With artworks ranging from ostensibly traditional oil and ink paintings to light box sculptures, solar LCD units and digital work on television screens, this is an exhibition that celebrates and explores the conjunction of time-honored Eastern artistic ideals with contemporary methods of execution and representation.
Choi Soowhan creates meticulous, immaculate, yet expressive images by drilling holes of various sizes (0.4-3mm) in a black acrylic plate (Plexiglass) or laminate, and then LED backlighting the piece. The result is art based on precision, where Choi masterfully manipulates material and light to create texture, form and substance.
Lee Jungwoong uses Korean rice paper and Western oil paint to brings poetic and almost literal life into his subjects. His Chinese brushes and ebony ink splotches, swipes and bleeds showcase dynamism and motion that far surpass a simple two-dimensional image. They are accompanied by gleaming wood and brush hairs visible in the coarseness of every individual strand. The amount of detailing renders his works flawless, sometimes causing viewers to lean in, trying to find the brushstrokes that created the glossy smoothness of the handles, the soaked transience of the paper and the compliance of every brush hair.
Mari Kim is a Korean artist who uses the language of Manga, Disney and Pop-Art to make her glossily realised paintings. Her images derive from a rich mixture of Western and Eastern cultural references. She produces pieces which explicitly reflect a pop sensibility and aesthetic back at her audience.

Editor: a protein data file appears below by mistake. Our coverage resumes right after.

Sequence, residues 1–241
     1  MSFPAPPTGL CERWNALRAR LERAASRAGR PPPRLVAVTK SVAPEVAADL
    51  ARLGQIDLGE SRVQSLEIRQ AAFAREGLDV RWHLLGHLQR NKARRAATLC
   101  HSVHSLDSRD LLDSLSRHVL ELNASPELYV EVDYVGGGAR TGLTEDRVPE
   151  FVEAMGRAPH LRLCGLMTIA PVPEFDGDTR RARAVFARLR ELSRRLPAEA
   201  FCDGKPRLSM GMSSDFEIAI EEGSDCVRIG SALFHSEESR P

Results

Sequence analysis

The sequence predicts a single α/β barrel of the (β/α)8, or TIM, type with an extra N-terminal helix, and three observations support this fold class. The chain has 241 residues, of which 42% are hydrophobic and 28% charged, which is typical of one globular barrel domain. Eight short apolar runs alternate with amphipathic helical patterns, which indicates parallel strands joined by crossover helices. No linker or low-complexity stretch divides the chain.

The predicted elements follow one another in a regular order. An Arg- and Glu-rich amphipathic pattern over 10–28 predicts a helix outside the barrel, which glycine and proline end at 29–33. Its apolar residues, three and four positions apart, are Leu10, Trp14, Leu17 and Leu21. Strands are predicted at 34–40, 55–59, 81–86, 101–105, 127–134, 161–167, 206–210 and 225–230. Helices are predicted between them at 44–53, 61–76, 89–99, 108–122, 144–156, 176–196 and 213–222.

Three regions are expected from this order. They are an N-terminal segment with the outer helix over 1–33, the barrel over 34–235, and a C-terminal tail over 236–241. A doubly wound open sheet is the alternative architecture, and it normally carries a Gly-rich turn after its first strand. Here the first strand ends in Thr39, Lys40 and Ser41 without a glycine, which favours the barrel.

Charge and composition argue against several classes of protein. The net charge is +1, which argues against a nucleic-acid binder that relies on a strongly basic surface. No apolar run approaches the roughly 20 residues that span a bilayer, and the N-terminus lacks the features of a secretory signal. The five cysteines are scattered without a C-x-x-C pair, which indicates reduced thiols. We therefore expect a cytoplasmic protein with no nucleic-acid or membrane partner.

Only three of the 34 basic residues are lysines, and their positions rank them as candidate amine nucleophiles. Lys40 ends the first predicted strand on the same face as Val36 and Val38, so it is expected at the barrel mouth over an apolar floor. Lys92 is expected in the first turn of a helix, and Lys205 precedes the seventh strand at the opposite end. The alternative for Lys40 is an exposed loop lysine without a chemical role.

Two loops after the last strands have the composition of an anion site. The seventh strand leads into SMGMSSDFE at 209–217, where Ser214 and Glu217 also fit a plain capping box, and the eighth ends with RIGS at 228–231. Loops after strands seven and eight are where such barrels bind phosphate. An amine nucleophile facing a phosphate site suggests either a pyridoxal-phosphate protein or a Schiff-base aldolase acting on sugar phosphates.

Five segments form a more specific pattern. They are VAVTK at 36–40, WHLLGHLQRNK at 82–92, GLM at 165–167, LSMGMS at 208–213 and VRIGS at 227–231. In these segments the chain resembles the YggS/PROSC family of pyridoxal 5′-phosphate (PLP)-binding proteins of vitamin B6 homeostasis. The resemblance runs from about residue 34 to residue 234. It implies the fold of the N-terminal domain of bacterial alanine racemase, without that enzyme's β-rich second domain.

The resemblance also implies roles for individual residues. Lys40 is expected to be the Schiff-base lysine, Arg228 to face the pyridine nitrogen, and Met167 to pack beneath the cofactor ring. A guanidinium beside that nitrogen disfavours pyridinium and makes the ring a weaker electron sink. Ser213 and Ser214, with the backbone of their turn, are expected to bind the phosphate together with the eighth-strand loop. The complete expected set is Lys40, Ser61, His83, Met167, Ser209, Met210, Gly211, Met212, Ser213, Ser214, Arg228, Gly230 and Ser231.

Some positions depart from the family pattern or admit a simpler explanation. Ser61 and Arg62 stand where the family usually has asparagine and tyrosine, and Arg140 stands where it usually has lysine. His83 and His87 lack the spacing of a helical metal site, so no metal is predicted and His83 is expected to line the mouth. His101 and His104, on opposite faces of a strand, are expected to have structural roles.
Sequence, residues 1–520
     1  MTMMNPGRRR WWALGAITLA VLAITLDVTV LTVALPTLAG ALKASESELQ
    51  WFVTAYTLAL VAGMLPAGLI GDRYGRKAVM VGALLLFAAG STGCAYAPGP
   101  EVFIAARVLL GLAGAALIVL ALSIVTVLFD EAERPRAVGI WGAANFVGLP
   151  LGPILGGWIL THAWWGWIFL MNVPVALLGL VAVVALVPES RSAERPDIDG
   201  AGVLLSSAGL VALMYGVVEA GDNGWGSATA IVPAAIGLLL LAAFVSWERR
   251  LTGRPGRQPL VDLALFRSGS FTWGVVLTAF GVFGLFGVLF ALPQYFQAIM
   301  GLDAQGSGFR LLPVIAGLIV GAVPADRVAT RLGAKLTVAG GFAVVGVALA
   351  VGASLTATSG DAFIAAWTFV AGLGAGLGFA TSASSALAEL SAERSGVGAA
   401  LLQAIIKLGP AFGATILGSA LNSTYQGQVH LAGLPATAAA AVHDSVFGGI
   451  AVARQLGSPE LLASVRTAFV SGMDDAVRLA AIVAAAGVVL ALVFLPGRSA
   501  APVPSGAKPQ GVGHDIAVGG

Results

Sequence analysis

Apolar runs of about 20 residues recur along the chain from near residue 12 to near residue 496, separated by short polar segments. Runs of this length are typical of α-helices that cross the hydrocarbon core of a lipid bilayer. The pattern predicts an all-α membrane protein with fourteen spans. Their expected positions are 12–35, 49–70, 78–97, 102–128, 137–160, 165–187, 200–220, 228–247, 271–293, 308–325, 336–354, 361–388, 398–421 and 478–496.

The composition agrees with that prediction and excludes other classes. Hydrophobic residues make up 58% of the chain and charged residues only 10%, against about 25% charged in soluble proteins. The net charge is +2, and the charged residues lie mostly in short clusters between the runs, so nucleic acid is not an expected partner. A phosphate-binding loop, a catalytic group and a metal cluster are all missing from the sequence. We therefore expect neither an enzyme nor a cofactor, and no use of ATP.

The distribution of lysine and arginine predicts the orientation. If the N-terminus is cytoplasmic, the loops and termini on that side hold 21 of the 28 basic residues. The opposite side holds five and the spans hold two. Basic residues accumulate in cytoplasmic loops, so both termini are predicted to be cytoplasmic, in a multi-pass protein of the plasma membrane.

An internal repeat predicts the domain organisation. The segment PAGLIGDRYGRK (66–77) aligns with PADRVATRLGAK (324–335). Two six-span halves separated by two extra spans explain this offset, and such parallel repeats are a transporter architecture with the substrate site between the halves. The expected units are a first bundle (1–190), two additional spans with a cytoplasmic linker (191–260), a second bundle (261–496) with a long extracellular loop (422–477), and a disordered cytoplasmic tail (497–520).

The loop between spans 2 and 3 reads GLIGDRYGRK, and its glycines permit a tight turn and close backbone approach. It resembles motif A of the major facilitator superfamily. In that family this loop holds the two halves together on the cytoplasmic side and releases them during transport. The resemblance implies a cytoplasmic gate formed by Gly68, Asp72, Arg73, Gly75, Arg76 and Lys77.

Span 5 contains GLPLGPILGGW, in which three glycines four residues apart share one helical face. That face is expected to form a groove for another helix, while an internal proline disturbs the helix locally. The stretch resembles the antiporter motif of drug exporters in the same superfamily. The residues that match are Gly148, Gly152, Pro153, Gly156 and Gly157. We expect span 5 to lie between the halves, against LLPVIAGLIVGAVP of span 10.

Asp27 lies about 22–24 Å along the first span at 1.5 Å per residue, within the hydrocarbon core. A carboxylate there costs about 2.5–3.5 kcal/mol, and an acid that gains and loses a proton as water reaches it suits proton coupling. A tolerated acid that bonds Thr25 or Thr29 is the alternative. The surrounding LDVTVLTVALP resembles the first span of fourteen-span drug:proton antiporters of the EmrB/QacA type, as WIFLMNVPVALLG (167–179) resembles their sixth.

Hong Sungchul creates masterful work that takes the form of sculptural constructions, mostly wall based reliefs. Made from gridded arrangements of identical solar lcd units that produce patterns of random, flickering pixellation, he asserts this sense of impermanence and constant flux. Through these subtle and artful constructions we are introduced to questions about how we live in the virtual, and sometimes disconnected, world. His pieces aim to reclaim a sense of intimacy, engagement and understanding. Fast moving and blurry perceptions are slowed down and examined; the rich quality and beauty of the simple and everyday are revealed.
Lee Leenam digitally reinterprets classical masterpieces that reveal nature's wonders and life's aura. He attempts to breathe new meaning and vitality into each pixel of image through cartoon characters, seasonal transformations, icons and symbols of art, society and war. Upon these he builds scenes of growth, change and conflict. He creates clusters of cumulative events, transformations, overlays and juxtapositions, gradual accretions of information. Over time these events build, multiply and intensify only to dissipate, fade and fall away returning the image to a state of calm.
Hwang Seontae constructs work that takes the form of the 'light box', built from layers of printed and etched glass, depicting cooly delineated, contemporary interiors. The box has a self-contained light source which articulates the imagined scene. Sunlight enters through windows, casting pools and patterns of illumination and projecting shadowed forms across the silent spaces. In this mostly monochromatic world, there are hints of subtle colour in the exterior glimpses of landscape and foliage. The sun's rays energise and bring life to the scene. Rooms are deserted but not abandoned; they are furnished and maintained. There is a sense of recent departure and/or imminent return.